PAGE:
A user wants to run a meta-analysis on data located on several different clusters. For either efficiency or legal reasons, the data should be analyzed in place and the results aggregated and returned to a central location. The user should be able to express the multi-cluster computation as a single CWL workflow, and no manual intervention (data transfer, etc) to complete the workflow.
User explicitly indicates in the workflow which cluster a certain computation (data+code) happens.
Data transfer only occurs between the primary cluster and the secondary clusters, not between secondary clusters.
Run subworkflow on cluster¶
A workflow step can be given a CWL hint "RunOnCluster". This indicates the tool or subworkflow run by the workflow step should run on a specific Arvados cluster, instead of submitted to the cluster that the workflow runner is currently running on. The implementation of this would be similar to the "RunInSingleContainer" feature, constructing a container request to run the workflow runner on the remote cluster and wait for results.
In order for the workflow to run successfully on the remote cluster, it needs its data dependencies (docker images, scripts, reference data, etc). These are several options:
- Don't do any data transfer of dependencies. Workflows will fail if dependencies are not available. User must manually transfer collections using arv-copy.
- pros: least work
- cons: terrible user experience. workflow patterns that transfer data out to remote clusters don't work.
- Distribute dependencies as part of workflow registration (requires proactively distributing dependencies to every cluster that might ever need it).
- pros: less burden on user compared to option (1)
- cons: doesn't guarantee the dependencies are available where needed, --create/update-workflow option of arvados-cwl-runner has to orchestrate upload of data to every cluster in the federation. workflow patterns that transfer data out to remote clusters don't work.
- Workflow runner determines which dependencies are missing from the remote cluster and pushes them before scheduling the subworkflow.
- pros: no user intervention required, only copy data to clusters that we think will need it
- cons: copies all dependencies regardless of whether they are actually used, requires that the primary runner have all the dependencies, or is able to facilitate transfer from some other cluster
- Workflow runner on remote cluster determines which dependencies are missing and pulls them from federated peers on demand.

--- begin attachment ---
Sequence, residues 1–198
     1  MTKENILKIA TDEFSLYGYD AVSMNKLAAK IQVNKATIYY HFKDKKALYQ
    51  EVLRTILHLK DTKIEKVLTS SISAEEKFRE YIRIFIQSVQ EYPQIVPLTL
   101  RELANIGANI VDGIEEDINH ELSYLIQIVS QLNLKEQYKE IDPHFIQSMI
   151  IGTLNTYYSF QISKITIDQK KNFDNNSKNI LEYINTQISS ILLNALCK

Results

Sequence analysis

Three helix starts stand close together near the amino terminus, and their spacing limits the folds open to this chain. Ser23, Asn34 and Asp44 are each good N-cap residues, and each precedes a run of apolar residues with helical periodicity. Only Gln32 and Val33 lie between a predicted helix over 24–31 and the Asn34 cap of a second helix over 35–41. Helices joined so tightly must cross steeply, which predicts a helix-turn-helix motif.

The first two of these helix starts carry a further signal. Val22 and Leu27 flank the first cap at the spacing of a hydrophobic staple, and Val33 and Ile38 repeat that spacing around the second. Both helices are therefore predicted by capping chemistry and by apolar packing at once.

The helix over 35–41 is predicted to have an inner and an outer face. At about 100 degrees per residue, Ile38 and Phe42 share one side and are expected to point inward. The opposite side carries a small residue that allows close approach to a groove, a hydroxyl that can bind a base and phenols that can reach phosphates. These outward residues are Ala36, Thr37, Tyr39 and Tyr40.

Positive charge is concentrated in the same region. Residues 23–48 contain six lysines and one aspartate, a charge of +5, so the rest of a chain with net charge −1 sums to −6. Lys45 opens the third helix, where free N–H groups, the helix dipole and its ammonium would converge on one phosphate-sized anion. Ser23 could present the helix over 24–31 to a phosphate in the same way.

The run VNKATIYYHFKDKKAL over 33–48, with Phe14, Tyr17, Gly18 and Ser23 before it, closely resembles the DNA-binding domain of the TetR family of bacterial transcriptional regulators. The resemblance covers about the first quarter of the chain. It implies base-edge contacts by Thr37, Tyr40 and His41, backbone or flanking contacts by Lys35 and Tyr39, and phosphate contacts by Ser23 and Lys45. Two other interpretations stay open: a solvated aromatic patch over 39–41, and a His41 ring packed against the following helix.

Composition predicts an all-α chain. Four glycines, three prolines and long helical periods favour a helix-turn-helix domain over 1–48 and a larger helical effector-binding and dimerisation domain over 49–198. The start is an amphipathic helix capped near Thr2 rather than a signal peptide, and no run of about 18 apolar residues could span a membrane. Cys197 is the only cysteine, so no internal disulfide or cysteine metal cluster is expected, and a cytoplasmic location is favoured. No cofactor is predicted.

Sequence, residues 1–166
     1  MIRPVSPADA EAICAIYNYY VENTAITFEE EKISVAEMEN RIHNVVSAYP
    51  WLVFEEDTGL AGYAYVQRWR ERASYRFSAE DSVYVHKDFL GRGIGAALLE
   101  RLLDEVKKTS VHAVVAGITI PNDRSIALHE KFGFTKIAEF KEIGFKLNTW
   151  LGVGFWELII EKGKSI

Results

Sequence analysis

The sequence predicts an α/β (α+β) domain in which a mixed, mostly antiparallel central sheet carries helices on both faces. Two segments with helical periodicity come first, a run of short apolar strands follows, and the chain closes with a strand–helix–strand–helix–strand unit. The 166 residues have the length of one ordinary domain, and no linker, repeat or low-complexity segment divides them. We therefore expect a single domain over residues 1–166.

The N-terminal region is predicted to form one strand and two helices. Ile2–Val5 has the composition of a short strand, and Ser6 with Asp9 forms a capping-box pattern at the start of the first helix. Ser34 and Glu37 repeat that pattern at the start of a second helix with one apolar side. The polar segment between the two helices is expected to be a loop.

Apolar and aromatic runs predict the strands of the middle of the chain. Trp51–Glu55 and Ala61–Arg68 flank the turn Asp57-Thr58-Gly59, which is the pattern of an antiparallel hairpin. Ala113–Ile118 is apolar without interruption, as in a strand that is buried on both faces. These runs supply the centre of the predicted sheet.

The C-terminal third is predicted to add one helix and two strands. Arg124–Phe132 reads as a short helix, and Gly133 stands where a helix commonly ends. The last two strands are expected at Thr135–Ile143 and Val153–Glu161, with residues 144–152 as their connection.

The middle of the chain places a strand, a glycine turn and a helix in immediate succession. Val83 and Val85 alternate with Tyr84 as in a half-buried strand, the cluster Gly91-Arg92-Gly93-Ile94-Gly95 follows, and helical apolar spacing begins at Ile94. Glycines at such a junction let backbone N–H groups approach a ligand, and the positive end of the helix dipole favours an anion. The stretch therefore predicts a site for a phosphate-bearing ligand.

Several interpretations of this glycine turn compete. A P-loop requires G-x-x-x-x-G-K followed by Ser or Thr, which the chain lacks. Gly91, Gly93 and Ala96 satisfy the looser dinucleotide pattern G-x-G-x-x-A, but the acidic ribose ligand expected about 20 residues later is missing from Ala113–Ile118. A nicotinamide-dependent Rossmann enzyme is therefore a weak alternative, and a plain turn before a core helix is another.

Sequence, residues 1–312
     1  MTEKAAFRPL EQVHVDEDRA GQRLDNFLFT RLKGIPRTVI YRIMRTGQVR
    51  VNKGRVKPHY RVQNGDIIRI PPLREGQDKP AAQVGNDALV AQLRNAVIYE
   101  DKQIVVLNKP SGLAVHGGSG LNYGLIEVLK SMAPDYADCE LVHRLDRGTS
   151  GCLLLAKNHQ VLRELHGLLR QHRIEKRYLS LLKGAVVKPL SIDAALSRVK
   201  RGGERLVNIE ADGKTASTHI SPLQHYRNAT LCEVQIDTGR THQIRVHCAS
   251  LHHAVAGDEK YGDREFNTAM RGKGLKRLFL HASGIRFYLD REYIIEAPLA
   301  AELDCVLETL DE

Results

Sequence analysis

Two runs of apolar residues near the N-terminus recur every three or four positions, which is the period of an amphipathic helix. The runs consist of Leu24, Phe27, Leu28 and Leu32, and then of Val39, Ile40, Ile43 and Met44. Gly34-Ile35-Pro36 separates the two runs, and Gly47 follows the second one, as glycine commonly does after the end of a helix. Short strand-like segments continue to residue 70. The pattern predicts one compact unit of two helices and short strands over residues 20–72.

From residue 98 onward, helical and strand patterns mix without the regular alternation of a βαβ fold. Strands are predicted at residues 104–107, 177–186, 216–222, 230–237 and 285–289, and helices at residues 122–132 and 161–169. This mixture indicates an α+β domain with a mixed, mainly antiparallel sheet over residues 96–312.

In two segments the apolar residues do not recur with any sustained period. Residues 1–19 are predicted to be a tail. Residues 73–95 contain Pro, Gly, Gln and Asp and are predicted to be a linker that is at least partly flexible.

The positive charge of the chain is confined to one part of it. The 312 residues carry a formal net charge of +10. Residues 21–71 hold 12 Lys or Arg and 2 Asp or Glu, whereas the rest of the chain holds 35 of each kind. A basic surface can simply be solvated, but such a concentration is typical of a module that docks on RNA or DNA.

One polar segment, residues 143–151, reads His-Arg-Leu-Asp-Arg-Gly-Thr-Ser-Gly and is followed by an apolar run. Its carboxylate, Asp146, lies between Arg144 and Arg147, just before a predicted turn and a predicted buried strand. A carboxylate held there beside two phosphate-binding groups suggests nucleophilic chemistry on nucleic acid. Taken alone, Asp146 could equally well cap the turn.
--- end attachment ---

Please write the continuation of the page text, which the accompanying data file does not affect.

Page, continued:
- pros: no user intervention required, only copy data we actually need
- cons: requires that the primary runner have all the dependencies, or is able to facilitate transfer from some other cluster
- Federated access to collections, fetch data blocks on demand from another cluster
- pros: only fetch data blocks that are actually needed, no additional copies of collections (although, like user records, they may be cached on the remote cluster)
- cons: requires building out federation support on the API server, requires provenance improvements (supply both UUID and PDH when submitting container requests), inefficient when substantial remote data is read many times (e.g., docker images) unless some sort of cross-cluster data caching is also added.
- Hybrid federation, copy a collection to remote cluster but retain UUID/permission from source
- pros: no user intervention, only fetch blocks we need, fetch data blocks from local keep if available, remote keep if necessary
- cons: semantics/permission model for "cached" collection records are not yet defined.
Options 1 and 2 cannot support workflows that involve some local computation, and then passing intermediate results to a remote cluster for computation.
Options 2, 3 and 4 involve a similar level of effort, mainly involving arvados-cwl-runner. Of these, option 4 seems to cover the most use cases. A general "transfer required collections" method will cover data transfer for dependencies, intermediate collections, and outputs.
Option 5 involves adding federation-awareness to the Python/Go SDKs, arv-mount, crunch-run, and API server. In order to work efficiently when clusters are distant and large remote collections are accessed more than once per workflow, it will need an infrastructure-level cache solution.
Option 6 level of effort is probably somewhere between options 4 and 5.
Finally, after a subworkflow runs on a remote cluster, the primary cluster needs to access the output and possibly run additional steps. This requires accessing a single output collection, either by pulling it to the primary cluster (using the same features supporting option 4), or by federation (options 5, 6).
Updated by Tom Clegg over 5 years ago · 7 revisions